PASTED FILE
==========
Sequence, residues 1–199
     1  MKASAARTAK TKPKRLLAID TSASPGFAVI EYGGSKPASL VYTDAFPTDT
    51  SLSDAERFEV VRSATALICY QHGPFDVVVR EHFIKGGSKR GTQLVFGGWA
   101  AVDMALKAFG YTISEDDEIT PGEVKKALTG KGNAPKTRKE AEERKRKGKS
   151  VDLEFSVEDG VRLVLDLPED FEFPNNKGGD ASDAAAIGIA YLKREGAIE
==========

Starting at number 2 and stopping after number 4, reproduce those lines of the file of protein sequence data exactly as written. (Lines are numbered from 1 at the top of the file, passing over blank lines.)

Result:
     1  MKASAARTAK TKPKRLLAID TSASPGFAVI EYGGSKPASL VYTDAFPTDT
    51  SLSDAERFEV VRSATALICY QHGPFDVVVR EHFIKGGSKR GTQLVFGGWA
   101  AVDMALKAFG YTISEDDEIT PGEVKKALTG KGNAPKTRKE AEERKRKGKS